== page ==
Lottie Tomlinson found talking helped following the death of her mum and sister (Picture: Sue Ryder)
Lottie Tomlinson has had to deal with some unimaginable losses in the public eye, and the make-up artist and model has revealed that dealing with grief has given her a new outlook on life.
The 23-year-old, who is the sister of former One Direction star Louis Tomlinson, 29, lost her mother Johanna Deakin at the age of 43 in 2016 after a battle with leukaemia, followed just over two years later by the death of her sister, Felicité, 18.
Lottie, who has teamed up with bereavement charity Sue Ryder to encourage others to be Grief Kind, revealed it has been a process to deal with the loss of her mother and sister at such young ages.
She told Metro.co.uk: ‘It’s been a journey. At first I had no idea how to deal with it or what to do. It was such a new and overwhelming feeling.
‘That was a big motivation for me to get involved with Sue Ryder because when I came to a good point in my grief I remembered how scary it was at first and I wanted to try and help people in similar situations.
‘I just wanted to be able to show people you can get through tough times even when you don’t think you can. One of the biggest things I’ve learnt with grief over the years is to allow yourself to feel however you’re feeling.
Lottie’s mother, Johannah Deakin (right), died following a battle with leukaemia in 2016 (Picture: @lottietomlinson)
‘As soon as you start avoiding your feelings or bottling things up, you can find yourself in a really dark place.’
Lottie revealed that seeing a therapist was something she found extremely helpful after Felicité died, something she ‘didn’t even really consider’ after losing her mother, but found talking to a qualified counsellor help ‘make the grief so much more manageable’.
While all of us will have to deal with the death of a loved one at some stage in life, not many will have to cope with bereavement in the public eye.
Lottie explained: ‘The support has definitely been comforting in a lot of ways but dealing with the losses so publicly has been tough.
‘I think people feel they can pass judgement on how you deal with things just by viewing a very small percentage of your life on social media.
Lottie found therapy helped after the death of her sister Felicité (Picture: @lottietomlinson)
‘It’s really taught me that you don’t know what people are going through behind closed doors. Everyone is fighting some sort of battle however big or small so it’s really important to remember that before passing judgment.’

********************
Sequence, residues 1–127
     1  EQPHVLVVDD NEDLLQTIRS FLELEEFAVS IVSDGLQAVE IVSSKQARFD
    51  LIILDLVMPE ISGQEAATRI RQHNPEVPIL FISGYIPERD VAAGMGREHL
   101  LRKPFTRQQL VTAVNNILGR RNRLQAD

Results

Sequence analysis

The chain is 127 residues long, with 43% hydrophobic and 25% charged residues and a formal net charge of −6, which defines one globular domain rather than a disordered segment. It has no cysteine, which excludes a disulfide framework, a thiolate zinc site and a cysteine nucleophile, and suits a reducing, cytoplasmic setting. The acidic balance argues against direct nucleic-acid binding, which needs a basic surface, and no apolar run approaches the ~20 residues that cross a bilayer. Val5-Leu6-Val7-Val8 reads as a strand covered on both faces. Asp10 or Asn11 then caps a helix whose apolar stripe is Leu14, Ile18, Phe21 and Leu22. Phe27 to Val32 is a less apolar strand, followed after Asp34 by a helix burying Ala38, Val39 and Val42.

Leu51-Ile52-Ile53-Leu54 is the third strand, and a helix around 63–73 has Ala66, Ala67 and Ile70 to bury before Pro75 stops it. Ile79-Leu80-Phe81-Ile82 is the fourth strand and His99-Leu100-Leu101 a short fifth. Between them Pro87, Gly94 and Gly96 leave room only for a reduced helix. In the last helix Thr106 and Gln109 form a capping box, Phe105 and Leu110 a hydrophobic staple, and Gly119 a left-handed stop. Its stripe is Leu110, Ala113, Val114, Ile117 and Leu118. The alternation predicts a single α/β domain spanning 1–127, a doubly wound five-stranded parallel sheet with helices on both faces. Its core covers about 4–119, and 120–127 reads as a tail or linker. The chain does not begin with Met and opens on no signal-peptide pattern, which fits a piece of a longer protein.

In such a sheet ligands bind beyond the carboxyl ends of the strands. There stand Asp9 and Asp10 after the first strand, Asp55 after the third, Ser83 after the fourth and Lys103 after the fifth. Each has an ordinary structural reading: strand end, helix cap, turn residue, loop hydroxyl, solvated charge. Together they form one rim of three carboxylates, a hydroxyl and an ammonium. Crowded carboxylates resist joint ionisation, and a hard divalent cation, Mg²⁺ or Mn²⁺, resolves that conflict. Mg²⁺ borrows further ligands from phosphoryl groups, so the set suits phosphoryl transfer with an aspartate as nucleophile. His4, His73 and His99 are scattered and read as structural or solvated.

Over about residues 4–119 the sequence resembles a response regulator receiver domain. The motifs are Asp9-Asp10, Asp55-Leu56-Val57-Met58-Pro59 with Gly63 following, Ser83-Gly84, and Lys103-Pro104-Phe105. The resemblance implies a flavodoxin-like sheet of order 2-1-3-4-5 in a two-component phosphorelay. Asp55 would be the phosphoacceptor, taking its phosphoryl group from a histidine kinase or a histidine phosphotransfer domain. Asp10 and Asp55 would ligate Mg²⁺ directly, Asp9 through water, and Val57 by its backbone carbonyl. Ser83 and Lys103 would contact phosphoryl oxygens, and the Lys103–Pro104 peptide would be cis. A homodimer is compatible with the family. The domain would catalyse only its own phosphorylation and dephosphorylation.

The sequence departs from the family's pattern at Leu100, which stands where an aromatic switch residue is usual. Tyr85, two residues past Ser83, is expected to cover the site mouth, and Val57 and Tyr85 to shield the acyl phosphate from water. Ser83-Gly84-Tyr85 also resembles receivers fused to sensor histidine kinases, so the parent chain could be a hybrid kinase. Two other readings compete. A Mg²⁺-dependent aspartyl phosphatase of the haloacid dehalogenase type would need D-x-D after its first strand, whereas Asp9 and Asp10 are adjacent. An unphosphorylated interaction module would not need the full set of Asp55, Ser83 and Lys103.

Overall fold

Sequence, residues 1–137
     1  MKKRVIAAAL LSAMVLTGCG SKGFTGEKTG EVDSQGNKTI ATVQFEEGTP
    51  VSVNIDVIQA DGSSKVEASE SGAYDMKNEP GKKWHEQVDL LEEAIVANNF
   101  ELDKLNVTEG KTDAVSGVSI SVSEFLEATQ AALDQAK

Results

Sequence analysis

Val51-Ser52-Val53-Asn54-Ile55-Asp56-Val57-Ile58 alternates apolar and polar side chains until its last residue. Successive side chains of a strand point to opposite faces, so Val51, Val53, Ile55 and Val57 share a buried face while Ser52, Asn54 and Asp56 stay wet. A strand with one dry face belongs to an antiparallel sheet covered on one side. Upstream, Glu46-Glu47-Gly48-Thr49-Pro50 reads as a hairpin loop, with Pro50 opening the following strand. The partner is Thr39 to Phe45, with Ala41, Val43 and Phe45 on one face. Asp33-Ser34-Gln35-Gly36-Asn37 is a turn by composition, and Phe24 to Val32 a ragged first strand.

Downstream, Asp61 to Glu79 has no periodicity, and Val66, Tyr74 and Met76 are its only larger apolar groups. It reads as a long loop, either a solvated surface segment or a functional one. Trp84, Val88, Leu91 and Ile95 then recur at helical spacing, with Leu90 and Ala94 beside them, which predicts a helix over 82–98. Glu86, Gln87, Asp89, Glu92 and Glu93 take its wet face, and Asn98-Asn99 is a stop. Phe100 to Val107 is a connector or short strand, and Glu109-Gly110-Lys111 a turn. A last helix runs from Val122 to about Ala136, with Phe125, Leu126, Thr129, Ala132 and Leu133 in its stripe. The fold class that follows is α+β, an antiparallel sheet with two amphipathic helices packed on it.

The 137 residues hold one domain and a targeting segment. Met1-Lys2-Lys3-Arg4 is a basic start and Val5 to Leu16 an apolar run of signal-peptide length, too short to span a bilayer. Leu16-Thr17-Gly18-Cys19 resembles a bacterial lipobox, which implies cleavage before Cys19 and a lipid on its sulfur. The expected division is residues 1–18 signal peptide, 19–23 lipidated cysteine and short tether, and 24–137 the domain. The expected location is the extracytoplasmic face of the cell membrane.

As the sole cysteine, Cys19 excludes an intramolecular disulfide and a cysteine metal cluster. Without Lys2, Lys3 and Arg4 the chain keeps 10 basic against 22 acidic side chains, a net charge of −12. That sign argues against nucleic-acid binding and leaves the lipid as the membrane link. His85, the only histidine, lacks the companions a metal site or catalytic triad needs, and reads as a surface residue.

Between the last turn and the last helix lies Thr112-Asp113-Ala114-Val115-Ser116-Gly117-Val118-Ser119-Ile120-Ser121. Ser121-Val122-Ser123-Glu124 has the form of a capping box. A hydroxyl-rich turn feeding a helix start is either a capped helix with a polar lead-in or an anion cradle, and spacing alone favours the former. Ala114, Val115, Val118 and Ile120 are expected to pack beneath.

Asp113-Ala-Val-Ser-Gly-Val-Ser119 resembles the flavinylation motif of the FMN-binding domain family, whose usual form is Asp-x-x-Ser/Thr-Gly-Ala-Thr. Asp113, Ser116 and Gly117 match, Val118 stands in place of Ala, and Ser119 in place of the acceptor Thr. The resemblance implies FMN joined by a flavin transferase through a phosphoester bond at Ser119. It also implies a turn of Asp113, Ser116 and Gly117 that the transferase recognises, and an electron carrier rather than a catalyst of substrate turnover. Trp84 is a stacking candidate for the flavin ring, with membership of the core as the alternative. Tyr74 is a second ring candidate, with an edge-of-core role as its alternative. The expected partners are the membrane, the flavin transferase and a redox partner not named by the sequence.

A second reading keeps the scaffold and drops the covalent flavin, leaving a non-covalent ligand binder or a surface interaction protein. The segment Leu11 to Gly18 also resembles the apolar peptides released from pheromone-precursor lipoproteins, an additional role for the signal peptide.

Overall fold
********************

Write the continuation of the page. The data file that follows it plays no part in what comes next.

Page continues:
Dealing with such profound loss in her late teens and early twenties has also changed Lottie’s outlook on life ‘completely’, as she explains: ‘It changed everything.
‘It’s made me truly grateful for everyone and everything I do have, and I treasure every single person I love so much more.
‘It also makes me feel really lucky to be alive – seeing someone’s life be taken from them too soon makes you realise that being alive and having good health is a gift. You also realise how short life is, how important it is to live it to the fullest and just be happy. There’s nothing more important than being happy!’
When it came to dealing with the emotions of the death of a loved one, Lottie found talking about the person was what helped her to keep their memory alive.
Lottie, who is the sister of Louis Tomlinson, says bereavement helped her appreciate her own life and health (Picture: Dave Benett/Getty Images for Nails Inc)
She says: ‘I was always quite open to talking about things, its actually one of my coping mechanisms. I had to be able to get things off my chest, to remember and chat about the people I’d lost.
‘I think it’s so I can keep that person alive. Just because someone isn’t physically here doesn’t mean they’re gone. It’s really important for me to keep their memories alive.
‘I feel my work with Sue Ryder does that in a way, as it allows me turn my experiences into a positive by helping others, which means so much to me. It makes what I’ve been through that little bit less painful.’
Lottie also shared the advice she would give to others dealing with similar situations, adding: ‘I’d say to be kind to yourself. Looking after yourself and doing whatever you can to make yourself feel as strong as possible is really important.
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‘Time is a healer. I used to really hate when people told me that so it’s not what I usually say to people but it is true. I think what people should say is time is a healer, but for it to heal it will take a lot of time. And always remember that you’re stronger than you realise.’
Sue Ryder has launched Grief Kind, which aims to equip people with the know-how and confidence to support others through bereavement, so no one has to go through grief alone. The Grief Kind podcast, hosted by author Clover Stroud, hears from celebrity guests Lisa Riley, Candice Brathwaite and Pearl Lowe and is available on all streaming platforms now.
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